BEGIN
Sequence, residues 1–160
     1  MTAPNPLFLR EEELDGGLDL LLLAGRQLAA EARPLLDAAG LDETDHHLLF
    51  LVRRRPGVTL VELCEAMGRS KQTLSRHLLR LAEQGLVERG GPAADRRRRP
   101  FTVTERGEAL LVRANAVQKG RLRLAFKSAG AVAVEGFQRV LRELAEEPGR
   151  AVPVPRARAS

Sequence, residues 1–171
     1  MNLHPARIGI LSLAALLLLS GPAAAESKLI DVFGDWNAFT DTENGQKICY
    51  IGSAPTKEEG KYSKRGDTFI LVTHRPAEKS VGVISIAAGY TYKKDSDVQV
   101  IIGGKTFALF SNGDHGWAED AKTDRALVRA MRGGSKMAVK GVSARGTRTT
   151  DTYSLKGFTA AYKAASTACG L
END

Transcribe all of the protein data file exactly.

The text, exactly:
Sequence, residues 1–160
     1  MTAPNPLFLR EEELDGGLDL LLLAGRQLAA EARPLLDAAG LDETDHHLLF
    51  LVRRRPGVTL VELCEAMGRS KQTLSRHLLR LAEQGLVERG GPAADRRRRP
   101  FTVTERGEAL LVRANAVQKG RLRLAFKSAG AVAVEGFQRV LRELAEEPGR
   151  AVPVPRARAS

Sequence, residues 1–171
     1  MNLHPARIGI LSLAALLLLS GPAAAESKLI DVFGDWNAFT DTENGQKICY
    51  IGSAPTKEEG KYSKRGDTFI LVTHRPAEKS VGVISIAAGY TYKKDSDVQV
   101  IIGGKTFALF SNGDHGWAED AKTDRALVRA MRGGSKMAVK GVSARGTRTT
   151  DTYSLKGFTA AYKAASTACG L